New Cluster Headache Treatment Strikes a Good Nerve
Cluster headache is one of the most challenging conditions to treat. A new treatment that involves noninvasive vagus nerve stimulation may offer renewed hope for all those who suffer with this head pain.
What’s different about the new treatment?
If you are familiar with cluster headache, you may already know about a treatment option called vagus nerve stimulation. This approach, which has been available for more than two decades, involves implanting a device that stimulates the vagus nerve.
The vagus nerve runs from the head through the neck down to the abdomen on body sides of the body. To treat cluster headache, a pulse generator is implanted under the skin of the chest and an electrical wire is attached to the vagus nerve.
The battery-powered generator sends electrical signals to the vagus nerve. They in turn are transmitted to the brain to turn off the pain. Although vagus nerve stimulation is successful in some cases of cluster headache, it is an expensive and invasive procedure and therefore not considered a first line of treatment.
The new treatment approach, which is being studied in clinical trials, involves non-invasive vagus nerve stimulation using a handheld device called gammaCore, developed by electroCore. Information about gammaCore was presented at the recent American Headache Society Annual Scottsdale Headache Symposium and the North American Neuromodulation Society meeting.
Clinical trials for cluster headache
Among the four clinical trials underway for cluster headache is “A randomized, multicenter double-blind, parallel, sham-controlled study of GammaCore a non-invasive neurostimulator device for the acute relief of episodic and chronic cluster headache.” The study began recruiting in August 2013, and it is scheduled to be completed by March 2014. The study locations are in Germany, Denmark, the United Kingdom, and the Netherlands.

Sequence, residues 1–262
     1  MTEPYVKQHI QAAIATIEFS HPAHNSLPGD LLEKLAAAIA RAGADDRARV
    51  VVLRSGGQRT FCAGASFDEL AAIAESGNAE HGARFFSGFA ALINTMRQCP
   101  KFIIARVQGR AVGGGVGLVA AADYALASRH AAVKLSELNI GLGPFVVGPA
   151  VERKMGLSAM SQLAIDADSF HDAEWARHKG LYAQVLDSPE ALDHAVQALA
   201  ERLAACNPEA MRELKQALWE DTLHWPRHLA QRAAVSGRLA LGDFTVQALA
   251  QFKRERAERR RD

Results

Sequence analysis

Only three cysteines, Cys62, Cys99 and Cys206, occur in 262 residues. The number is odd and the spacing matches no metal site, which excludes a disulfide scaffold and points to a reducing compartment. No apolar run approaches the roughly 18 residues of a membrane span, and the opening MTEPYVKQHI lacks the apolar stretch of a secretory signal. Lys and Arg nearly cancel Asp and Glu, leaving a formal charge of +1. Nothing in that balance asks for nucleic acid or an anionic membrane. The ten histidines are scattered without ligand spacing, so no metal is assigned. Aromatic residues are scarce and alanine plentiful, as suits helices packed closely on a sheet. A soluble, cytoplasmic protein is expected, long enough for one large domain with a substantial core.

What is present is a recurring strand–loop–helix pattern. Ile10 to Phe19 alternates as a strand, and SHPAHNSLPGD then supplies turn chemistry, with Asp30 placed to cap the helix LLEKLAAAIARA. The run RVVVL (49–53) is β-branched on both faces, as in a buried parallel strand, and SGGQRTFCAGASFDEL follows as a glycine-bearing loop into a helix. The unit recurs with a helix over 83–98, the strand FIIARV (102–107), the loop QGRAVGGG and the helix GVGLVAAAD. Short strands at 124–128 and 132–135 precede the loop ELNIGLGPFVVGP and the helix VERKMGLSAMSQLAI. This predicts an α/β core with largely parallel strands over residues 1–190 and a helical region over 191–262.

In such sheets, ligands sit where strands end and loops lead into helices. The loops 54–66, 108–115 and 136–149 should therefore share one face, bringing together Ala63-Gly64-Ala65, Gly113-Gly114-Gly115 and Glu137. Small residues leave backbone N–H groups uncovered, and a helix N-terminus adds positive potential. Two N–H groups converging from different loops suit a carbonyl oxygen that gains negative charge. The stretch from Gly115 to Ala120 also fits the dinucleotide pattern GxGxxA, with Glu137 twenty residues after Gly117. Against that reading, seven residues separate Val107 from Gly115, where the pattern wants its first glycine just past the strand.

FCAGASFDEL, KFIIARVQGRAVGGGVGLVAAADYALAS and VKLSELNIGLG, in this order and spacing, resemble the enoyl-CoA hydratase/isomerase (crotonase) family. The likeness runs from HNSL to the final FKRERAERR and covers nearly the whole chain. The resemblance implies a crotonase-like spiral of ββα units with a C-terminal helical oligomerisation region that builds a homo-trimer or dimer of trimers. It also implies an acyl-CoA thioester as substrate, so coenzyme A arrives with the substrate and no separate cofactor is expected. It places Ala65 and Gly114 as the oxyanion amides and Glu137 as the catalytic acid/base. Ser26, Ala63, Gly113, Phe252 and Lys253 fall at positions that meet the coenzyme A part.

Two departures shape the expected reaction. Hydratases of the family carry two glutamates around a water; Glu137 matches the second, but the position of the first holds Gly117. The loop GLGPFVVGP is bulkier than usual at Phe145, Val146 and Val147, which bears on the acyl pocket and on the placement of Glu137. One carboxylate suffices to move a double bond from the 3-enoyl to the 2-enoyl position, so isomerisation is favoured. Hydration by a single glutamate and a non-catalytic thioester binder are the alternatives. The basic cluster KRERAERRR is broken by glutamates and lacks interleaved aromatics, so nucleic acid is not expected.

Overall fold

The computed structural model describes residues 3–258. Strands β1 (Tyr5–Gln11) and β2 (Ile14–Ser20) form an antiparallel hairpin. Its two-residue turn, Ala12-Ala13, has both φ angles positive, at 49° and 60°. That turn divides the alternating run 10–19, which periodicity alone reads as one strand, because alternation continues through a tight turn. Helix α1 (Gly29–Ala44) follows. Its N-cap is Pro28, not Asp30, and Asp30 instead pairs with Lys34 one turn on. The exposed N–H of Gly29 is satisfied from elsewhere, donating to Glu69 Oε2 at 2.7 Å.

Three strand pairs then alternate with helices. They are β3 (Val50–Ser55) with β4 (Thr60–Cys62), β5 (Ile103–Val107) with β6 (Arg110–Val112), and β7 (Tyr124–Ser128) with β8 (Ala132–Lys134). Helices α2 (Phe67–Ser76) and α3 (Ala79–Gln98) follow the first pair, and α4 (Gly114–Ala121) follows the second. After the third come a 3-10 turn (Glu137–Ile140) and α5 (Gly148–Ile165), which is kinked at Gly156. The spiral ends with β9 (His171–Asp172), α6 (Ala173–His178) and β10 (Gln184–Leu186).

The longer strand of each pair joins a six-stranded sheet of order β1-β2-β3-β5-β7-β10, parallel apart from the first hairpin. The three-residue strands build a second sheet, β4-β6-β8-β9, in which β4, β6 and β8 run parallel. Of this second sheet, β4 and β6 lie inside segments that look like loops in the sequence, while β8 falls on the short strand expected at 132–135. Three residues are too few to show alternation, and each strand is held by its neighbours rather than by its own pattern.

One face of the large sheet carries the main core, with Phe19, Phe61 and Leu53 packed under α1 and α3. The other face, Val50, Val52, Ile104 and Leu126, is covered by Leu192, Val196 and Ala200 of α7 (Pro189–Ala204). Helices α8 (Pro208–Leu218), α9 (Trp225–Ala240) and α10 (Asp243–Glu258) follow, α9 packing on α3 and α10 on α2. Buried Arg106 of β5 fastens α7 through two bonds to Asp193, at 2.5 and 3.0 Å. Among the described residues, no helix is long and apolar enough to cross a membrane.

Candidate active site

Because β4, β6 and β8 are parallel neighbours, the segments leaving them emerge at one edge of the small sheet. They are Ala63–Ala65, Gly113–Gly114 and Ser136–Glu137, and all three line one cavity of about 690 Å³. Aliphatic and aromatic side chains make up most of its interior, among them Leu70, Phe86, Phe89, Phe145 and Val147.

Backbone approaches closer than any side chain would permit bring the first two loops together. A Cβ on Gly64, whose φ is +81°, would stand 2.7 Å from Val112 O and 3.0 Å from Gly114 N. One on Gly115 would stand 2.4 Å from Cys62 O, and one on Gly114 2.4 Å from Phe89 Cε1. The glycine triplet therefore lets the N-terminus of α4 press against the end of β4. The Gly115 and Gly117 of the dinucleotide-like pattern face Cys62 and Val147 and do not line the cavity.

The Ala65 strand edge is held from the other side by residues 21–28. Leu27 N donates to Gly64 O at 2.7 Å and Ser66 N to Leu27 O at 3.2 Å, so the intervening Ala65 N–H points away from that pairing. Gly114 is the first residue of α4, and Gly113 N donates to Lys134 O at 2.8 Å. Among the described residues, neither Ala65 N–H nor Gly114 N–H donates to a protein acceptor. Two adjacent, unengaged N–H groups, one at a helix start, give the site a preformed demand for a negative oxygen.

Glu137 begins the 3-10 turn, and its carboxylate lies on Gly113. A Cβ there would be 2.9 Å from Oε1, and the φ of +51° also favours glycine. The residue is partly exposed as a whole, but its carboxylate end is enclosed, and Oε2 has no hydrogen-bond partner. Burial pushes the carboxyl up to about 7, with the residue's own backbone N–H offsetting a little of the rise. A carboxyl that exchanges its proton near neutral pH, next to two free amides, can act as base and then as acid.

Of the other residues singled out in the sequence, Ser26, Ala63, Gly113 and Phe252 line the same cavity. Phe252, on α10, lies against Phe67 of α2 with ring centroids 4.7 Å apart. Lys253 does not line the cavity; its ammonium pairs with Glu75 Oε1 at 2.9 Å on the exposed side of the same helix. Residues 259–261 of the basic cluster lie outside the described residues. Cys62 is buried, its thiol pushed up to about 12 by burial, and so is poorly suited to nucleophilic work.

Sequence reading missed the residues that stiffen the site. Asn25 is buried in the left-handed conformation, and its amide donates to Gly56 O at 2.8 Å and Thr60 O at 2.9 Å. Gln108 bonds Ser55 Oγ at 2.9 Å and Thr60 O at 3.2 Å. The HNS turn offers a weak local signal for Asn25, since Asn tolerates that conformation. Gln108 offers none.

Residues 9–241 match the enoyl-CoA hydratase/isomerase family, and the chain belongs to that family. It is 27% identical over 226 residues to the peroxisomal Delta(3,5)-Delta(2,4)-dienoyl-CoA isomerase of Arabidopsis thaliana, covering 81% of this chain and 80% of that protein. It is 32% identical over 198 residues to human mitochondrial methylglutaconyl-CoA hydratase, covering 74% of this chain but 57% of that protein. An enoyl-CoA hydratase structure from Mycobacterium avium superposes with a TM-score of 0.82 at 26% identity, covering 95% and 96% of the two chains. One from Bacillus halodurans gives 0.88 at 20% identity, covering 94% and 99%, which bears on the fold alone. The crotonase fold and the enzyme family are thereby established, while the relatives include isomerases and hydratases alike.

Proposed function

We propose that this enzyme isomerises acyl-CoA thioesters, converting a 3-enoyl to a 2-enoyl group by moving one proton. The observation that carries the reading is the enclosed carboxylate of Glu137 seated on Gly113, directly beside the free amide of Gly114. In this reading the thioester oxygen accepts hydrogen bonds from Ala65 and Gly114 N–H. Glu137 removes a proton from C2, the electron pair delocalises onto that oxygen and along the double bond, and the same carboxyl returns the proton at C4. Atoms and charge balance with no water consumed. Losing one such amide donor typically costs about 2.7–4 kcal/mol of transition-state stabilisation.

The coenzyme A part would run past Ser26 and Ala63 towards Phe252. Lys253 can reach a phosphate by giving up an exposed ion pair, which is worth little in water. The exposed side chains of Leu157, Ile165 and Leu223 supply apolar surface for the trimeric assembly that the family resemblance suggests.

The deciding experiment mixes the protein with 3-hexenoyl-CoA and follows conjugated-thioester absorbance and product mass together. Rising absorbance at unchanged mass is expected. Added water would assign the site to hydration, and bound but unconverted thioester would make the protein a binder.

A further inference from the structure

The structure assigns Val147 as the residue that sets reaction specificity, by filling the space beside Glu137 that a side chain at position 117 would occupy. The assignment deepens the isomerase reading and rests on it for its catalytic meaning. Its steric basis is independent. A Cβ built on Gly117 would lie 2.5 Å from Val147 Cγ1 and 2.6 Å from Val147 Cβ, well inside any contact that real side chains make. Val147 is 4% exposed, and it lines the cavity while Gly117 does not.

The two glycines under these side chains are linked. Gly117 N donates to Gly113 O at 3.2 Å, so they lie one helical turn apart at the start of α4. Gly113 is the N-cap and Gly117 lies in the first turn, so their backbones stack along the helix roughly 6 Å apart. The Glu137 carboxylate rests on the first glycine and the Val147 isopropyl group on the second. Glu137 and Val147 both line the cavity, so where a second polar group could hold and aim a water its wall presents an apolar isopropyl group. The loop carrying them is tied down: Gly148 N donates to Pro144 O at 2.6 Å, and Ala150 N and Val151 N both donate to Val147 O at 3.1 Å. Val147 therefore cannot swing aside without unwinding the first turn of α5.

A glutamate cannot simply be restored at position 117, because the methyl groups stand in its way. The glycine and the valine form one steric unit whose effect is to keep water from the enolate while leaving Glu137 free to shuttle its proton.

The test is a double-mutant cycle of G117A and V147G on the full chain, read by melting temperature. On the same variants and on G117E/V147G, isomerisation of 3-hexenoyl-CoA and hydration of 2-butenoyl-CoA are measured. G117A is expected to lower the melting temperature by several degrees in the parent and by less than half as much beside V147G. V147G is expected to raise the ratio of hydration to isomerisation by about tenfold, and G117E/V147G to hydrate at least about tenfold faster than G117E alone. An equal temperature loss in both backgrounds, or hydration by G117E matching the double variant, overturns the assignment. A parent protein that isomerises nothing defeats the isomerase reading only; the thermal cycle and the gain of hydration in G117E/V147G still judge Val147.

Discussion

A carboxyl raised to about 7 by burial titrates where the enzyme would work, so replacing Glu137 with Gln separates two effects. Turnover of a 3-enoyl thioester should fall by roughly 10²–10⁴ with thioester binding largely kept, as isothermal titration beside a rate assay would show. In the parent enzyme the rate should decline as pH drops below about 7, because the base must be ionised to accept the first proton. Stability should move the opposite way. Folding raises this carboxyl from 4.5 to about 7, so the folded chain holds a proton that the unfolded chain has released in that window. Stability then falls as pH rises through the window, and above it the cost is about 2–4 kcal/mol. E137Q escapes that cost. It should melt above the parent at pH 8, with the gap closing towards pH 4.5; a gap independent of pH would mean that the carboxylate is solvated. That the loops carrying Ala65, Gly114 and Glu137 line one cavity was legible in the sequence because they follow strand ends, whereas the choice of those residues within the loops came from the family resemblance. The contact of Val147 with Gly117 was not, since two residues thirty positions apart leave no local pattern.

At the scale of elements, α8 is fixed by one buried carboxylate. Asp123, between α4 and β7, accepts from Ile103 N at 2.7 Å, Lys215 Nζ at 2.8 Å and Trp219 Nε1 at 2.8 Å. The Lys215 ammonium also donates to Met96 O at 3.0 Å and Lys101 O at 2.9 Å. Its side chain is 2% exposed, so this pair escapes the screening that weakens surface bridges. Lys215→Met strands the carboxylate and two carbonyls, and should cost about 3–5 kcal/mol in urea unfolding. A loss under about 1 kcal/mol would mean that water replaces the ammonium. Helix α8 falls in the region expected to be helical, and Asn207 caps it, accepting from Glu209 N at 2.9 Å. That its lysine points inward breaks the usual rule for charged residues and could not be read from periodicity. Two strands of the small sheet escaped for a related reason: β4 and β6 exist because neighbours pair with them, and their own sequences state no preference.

The study involves treating one group with non-invasive vagus nerve stimulation while the second group is given a sham treatment. After this segment of the study, both groups will receive active treatment. This cluster headache study is being conducted for submission to the Food and Drug Administration for approval.
Among the benefits of the noninvasive vagus nerve stimulation approach is that patients can treat themselves in as little two minutes. The investigators note that the new treatment has thus far proven itself to be well tolerated and to work with other medications. It stimulates the body’s production of certain chemicals that in turn reduces activity of glutamate, a neurotransmitter involved in headache.
Cluster headaches are chronic, repeated episodes of severe one-sided head pain that is often accompanied by a stuffy nose, flushed face, swelling around the eyes, and tearing eyes. Men are four times more likely to experience cluster headache than women.
The cause of cluster headache is not known, but experts believe there is a genetic component. One theory is that a malfunction in the hypothalamus, which is located at the base of the brain, causes spontaneous releases of chemical substances called serotonin or histamine.
What triggers a cluster headache? Candidates include use of alcohol, smoking, hot weather, processed meats (high in nitrites), use of certain medications, high altitudes, bright lights, and cocaine.
Current treatments for cluster headache include oxygen (breathing 100 percent oxygen through a mask), various triptans (e.g., injectable sumatriptan, oral or nasal spray zolmitriptan), octreotide (Sandostatin), intranasal lidocaine, dihydroergotamine (intravenous), occipital nerve stimulation, and deep brain stimulation. As you can see, most of these remedies are not convenient and the latter two require surgery.
The lack of effective treatments for cluster headache make the development of this new noninvasive vagus nerve stimulation approach especially exciting. People who suffer with this painful condition should keep their eyes and ears open for updated information on the clinical trials and talk to their healthcare providers.